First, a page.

I am no expert but I have never seen a performance of Diamonds like this. It's like something danced underwater. The movement qualities I am used to have been altered as though by the force of invisible currents. I found myself thinking of the way sea grasses and delicate tentacled animals move in films of coral reefs. Some of it is nice but the whole strikes me as essentially aimless.

#80 Drew

Drew

    Platinum Circle

  • Senior Member
  • PipPipPipPipPipPipPip
  • 1,334 posts

Posted 16 September 2010 - 06:50 PM

I don't hate her in this [Diamonds pdd]. It's a lot better than I expected, musically, nad I have nothing wrong with her lines. The promenade in passe is beautiful, much of it is in fact beautiful, the "Diana shooting hte arrow"poses are well-considered.

She's not Lopatkina or Farrell, the musicality isn't wonderful. But this role was built with very high extensions in the first place, and her clarity in extension is quite acceptable.


This was more or less my reaction. Without thinking this was a great Diamonds, I found the video far from "nasty" (as one viewer above did), though I could not quite put an analysis into words.

#81 cubanmiamiboy

cubanmiamiboy

    Diamonds Circle

  • Senior Member
  • PipPipPipPipPipPipPipPip
  • 5,275 posts

Posted 16 September 2010 - 08:50 PM

But this role was built with very high extensions in the first place, and her clarity in extension is quite acceptable.

Paul, but what really shocks me about Somova is not quite the showing of her hyper extended limbs...(actually I think Zakharova abuses the trick way beyond Somova)-but rather how distorted her hyper extensions are...(which I have to recognize I don't feel with Zakharova). I mean, I'm not an expert or anything on "lines", but c'mon...this girl's limbs look like they have a life of their own...a very disorganized one, IMO...

#82 Helene

Helene

    Administrator

  • Administrators
  • PipPipPipPipPipPipPipPip
  • 11,470 posts

Posted 16 September 2010 - 09:07 PM

Somova doesn't look like ballerina material in this video to me. She looks student-like.

Like the later "Chaconne", in "Diamonds" Balanchine emphasized Farrell walking, especially the feet, which Farrell could make sing. I blanched at Somova's tendu front. I don't know what music she was listening to.

That said, her arms were quite lovely in places, although that did not compensate for energy, dynamics, and musicality.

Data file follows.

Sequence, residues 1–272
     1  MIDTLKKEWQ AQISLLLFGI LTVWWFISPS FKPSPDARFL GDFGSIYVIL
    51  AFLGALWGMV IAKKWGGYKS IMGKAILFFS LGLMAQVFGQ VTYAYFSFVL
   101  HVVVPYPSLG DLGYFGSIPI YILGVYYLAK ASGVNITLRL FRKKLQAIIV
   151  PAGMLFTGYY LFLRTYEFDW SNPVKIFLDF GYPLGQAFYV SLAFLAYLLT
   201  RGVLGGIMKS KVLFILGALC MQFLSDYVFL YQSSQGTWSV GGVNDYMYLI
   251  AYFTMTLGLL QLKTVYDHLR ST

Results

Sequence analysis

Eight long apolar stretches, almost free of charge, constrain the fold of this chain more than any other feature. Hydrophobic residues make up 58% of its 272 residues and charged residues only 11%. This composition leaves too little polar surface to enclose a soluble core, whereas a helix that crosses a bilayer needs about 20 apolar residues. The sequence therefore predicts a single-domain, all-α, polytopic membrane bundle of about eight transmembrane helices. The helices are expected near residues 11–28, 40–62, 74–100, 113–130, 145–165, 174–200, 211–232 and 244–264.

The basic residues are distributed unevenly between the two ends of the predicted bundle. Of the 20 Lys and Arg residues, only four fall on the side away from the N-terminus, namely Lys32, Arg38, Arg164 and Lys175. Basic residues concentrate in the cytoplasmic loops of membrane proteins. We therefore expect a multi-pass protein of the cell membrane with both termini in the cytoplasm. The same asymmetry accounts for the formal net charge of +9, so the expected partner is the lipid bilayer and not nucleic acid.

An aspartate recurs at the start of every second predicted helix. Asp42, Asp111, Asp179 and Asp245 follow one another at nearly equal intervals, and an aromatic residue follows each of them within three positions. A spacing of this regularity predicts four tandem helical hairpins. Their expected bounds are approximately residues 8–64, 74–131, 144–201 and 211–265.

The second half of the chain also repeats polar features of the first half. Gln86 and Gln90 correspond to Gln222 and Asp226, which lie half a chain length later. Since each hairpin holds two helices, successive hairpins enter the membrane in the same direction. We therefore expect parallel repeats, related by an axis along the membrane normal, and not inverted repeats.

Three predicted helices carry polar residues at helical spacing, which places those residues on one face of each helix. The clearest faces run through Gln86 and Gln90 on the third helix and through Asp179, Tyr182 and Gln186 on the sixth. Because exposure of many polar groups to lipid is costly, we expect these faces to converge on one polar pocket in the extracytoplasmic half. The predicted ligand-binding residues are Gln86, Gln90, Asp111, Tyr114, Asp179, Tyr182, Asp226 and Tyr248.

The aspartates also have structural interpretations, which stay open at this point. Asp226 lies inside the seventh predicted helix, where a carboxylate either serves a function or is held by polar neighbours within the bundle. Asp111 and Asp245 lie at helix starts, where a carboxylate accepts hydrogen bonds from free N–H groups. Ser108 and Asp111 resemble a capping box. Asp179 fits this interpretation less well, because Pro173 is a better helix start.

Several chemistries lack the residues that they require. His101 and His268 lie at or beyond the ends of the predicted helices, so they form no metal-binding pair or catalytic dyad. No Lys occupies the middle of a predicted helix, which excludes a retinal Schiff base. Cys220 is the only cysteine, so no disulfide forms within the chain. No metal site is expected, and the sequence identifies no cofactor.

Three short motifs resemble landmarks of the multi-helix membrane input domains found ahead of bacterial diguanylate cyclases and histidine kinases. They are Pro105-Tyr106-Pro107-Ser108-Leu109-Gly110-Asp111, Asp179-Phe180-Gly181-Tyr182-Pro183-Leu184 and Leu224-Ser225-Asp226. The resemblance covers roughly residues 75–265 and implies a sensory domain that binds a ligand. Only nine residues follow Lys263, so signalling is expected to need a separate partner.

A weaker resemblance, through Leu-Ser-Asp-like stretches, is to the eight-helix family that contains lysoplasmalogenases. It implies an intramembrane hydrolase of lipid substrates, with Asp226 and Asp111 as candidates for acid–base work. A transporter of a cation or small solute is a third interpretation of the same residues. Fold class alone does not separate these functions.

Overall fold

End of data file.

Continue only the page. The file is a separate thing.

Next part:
#83 Quiggin

Quiggin

    Gold Circle

  • Senior Member
  • PipPipPipPipPipPip
  • 852 posts

Posted 16 September 2010 - 09:23 PM

I agree with Bart's characterization of this watery Diamonds: it's not Diamonds at all. 80% of her gestures are in italics - "emphasis mine" she's saying. It's ok to be elastic with time with Balanchine, but not with rubbery and rococo gestures. And what must her Giselle be like!

Oh, yes Cygnet, Daria Pavlenko was great in Diamonds here in the SF Bay Area several years ago - with Danila Korsuntsev - very measured and classical.

#84 Paul Parish

Paul Parish

    Platinum Circle

  • Senior Member
  • PipPipPipPipPipPipPip
  • 1,925 posts

Posted 16 September 2010 - 10:27 PM

Pavlenko was indeed mesmerizing in hte adagio -- I remember the feeling that I was looking deep into her eyes all the way through. She is so poetic, so deep, and as a woman, she's very beautiful. I was struck by how much she looked like hte young Elizabeth Taylor. She was weak in hte scherzo, though.

Me, I'm not crazy about DIamonds; I find Farrell's performance on the "Dance in America" video not very interesting. I never saw her doit live, and i'm sure that was a very different story. But I wasn't there and didn't see it. Kyra Nichols was marvellous when I saw her live.

julie Diana danced it here with SFB, very like Pavlenko -- huge eyes, deep pools of melancholy, beautiful performance. Sarah van Patten is tremendous in hte role, almost like Lopatkina, who is by far my favorite -- with Lopatkina, I find the phrasing astonishes me, the whole thing is cryptic and mysterious to the highest degree and every moment is a surprise.

But the performers who've bored me in it are legion. I won't mention any names.

i don't find Somova boring. QUite the opposite, she has star quality, her very fine-boned limbs etch a very vivid line. She seems coltish and very young, she seems younger than she actually is, which is EXCELLENT for Balanchine. Though she's not fascinating, she makes a case for this ballet that it's kinda Melisand-ish, which carries over the echoes of Faure's music that I find very pronounced, so the echoes of Emeralds in the honr-calls all make it feel like some frail moon-child girl is trapped in a tower in hte forest somewhere, and Somova can evoke these romance-heropine qualities by her spectral pale thin-ness and her fey qualities. I think she's much better as a moonlit creature than as say kitri (which she danced here in Berkeley, unconvincingly) or Odette, which calls for gravitas....